07182018Wed
Last updateWed, 18 Jul 2018 2pm

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Proposed Tariffs May Harm Oilfield Services & Equipment Sector

The Petroleum Equipment & Services Association (PESA) submitted comments to U.S. Trade Representative Robert Lighthizer outlining how the Administration’s proposed tariffs on $50 billion worth of Chinese imports would impact the oilfield service, supply and manufacturing sector. PESA represents approximately 200 companies.

“Many of the PESA member products listed in the section 301 report contain high U.S. content, which means that imposition of the proposed tariff would serve at least in part as a self-imposed tariff on U.S.-manufactured goods,” the Association noted. “This again would disproportionately impact U.S. manufacturers to the benefit of our foreign competitors.” 


U.S. Raises Crude Output Forecast for 2018-2019

The U.S. Energy Information Administration (EIA) estimates that U.S. crude oil production averaged 10.5 million barrels per day (b/d) in April, up 120,000 b/d from the March level. EIA projects that U.S. crude oil production will average 10.7 million b/d in 2018, up from 9.4 million b/d in 2017, and will average 11.9 million b/d in 2019, 0.4 million b/d higher than forecast in the April Short Term Energy Outlook. In the current outlook, EIA forecasts U.S. crude oil production will end 2019 at more than 12 million b/d. 

Congress Considering $2.4B Water Infrastructure Bill

This week, members of the Senate Committee on Environment and Public Works introduced America’s Water Infrastructure Act of 2018. The $2.4 billion bipartisan legislation aims to support the nation’s economic competitiveness by increasing water storage, providing protection from dangerous floodwaters, deepening nationally significant ports and maintaining the navigability of inland waterways across the country. The legislation will also repair aging drinking water, wastewater and irrigation systems.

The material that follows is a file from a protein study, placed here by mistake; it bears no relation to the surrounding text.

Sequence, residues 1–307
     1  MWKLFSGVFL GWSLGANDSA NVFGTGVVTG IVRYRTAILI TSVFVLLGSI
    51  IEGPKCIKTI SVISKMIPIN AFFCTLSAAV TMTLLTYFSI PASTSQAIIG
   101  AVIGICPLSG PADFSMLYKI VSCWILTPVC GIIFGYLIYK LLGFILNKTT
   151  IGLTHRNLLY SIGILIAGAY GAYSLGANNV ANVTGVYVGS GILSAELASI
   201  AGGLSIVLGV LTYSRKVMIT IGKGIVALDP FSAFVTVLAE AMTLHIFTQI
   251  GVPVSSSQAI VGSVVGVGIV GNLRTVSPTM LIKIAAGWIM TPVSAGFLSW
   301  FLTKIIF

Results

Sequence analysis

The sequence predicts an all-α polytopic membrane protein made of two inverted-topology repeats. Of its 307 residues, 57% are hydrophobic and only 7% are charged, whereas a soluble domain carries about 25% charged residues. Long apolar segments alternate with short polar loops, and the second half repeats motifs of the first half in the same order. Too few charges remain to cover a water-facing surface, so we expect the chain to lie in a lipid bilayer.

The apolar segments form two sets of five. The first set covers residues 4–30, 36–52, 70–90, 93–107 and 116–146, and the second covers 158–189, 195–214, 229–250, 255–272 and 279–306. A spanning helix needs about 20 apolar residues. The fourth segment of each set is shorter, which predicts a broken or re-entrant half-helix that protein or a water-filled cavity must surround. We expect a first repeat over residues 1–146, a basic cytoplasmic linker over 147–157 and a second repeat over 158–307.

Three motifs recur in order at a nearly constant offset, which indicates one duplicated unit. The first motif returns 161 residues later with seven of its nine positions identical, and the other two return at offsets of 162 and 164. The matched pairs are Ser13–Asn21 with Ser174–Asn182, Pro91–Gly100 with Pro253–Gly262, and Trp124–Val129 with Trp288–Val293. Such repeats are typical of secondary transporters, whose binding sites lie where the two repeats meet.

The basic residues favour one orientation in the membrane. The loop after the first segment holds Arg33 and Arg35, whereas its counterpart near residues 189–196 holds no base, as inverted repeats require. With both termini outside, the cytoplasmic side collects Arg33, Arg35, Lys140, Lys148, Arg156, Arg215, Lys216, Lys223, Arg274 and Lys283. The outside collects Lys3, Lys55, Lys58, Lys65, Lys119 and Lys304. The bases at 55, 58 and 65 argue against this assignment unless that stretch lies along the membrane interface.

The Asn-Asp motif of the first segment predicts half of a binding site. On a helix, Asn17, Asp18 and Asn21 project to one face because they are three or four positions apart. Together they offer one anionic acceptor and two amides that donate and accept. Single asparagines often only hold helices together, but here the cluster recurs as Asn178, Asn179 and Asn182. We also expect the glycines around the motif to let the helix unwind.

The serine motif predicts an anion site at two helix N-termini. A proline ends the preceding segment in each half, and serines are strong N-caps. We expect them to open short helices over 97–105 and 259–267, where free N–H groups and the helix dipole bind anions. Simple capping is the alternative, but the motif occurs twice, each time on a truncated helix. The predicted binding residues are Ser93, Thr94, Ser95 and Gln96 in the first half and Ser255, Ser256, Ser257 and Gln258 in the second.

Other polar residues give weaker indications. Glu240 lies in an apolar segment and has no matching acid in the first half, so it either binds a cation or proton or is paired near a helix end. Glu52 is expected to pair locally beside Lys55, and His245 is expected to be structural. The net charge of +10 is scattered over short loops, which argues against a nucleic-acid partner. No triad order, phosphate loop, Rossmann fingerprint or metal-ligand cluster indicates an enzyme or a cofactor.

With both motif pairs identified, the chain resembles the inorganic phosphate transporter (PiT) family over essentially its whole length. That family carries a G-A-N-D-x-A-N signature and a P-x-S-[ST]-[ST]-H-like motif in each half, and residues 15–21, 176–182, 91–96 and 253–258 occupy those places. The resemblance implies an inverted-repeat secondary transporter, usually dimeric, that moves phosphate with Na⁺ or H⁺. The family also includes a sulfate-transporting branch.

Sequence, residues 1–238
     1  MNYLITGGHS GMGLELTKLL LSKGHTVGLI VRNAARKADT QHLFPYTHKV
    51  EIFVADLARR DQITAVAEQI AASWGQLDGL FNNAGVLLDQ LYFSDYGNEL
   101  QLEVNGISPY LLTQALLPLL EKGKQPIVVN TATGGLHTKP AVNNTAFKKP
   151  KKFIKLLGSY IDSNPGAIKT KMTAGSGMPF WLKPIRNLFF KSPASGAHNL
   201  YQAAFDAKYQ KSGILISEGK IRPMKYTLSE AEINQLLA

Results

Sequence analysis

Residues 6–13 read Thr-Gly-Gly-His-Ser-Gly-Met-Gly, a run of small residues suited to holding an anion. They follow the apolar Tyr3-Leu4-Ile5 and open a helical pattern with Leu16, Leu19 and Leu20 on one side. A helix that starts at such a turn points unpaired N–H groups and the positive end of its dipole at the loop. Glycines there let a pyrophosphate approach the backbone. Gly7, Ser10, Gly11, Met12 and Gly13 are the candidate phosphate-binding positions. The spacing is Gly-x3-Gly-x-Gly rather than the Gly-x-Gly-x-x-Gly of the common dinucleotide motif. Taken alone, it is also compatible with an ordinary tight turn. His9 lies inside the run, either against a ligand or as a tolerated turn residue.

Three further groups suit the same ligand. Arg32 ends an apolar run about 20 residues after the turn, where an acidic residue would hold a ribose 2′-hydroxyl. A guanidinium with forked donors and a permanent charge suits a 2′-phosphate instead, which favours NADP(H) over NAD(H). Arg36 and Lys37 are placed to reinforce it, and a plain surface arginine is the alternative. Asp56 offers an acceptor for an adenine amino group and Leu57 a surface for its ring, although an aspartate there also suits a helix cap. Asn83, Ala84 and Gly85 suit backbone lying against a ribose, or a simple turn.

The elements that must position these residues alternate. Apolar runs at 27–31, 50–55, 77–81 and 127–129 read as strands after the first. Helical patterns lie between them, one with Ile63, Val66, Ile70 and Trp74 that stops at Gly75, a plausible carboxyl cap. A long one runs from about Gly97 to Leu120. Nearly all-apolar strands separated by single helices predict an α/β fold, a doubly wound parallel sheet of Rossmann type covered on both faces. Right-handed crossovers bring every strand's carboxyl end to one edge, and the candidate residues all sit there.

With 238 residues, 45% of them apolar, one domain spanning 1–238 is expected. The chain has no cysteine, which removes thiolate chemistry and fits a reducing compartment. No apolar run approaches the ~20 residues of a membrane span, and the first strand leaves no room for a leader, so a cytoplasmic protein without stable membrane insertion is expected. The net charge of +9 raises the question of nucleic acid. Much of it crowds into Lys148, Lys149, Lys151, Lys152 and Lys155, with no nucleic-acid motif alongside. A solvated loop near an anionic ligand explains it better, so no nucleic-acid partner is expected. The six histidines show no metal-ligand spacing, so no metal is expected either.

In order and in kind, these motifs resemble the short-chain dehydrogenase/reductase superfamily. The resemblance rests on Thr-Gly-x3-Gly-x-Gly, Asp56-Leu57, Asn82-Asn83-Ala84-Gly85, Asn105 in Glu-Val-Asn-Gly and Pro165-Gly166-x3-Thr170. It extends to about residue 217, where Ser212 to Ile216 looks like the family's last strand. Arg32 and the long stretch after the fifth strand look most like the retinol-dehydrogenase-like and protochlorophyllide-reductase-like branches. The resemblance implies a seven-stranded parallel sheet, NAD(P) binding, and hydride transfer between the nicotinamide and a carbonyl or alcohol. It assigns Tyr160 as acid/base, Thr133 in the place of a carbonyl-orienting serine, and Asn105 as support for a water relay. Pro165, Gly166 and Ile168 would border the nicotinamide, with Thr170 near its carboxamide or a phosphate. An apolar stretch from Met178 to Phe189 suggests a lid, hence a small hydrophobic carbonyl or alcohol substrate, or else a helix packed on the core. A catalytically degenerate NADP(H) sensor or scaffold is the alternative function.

Most New Electric Capacity in 2018 Natural Gas, Renewables

The U.S. Energy Information Administration (EIA) expects nearly 32 gigawatts (GW) of new electric generating capacity will come online in the U.S. in 2018, more than in any year over the past decade. Although renewables accounted for 98% of the 2 GW added so far this year (based on data for January and February), EIA expects about 21 GW of natural gas-fired generators will come online in 2018. If these generators come online based on their reported timelines, 2018 will be the first year since 2013 in which renewables did not make up a majority of added capacity.

The newly added generating capacity in January and February 2018 included 2,029 megawatts (MW) of renewables, 27 MW of fossil fueled generators, and 28 MW of other technologies, mostly consisting of energy storage batteries. In February 2018, for the first time in decades, all of the new generating capacity coming online within a month were non-fossil-fueled. 

Oil & Gas Sector: Inspection, Maintenance Spending Insufficient

New research from DNV GL reveals that 46% of senior professionals in the oil & gas sector believe there has been underinvestment in inspection and maintenance of infrastructure and equipment in recent years. Just a quarter (28%) said that they expect to increase spending on safety in 2018. 61% will maintain current budgets and 5% plan to cut investment.

While cost efficiency has been the top, or a high priority, for more than 82% of senior industry professionals since 2015, 40% of respondents believe digital tools and technologies have already improved safety over the past three years. 

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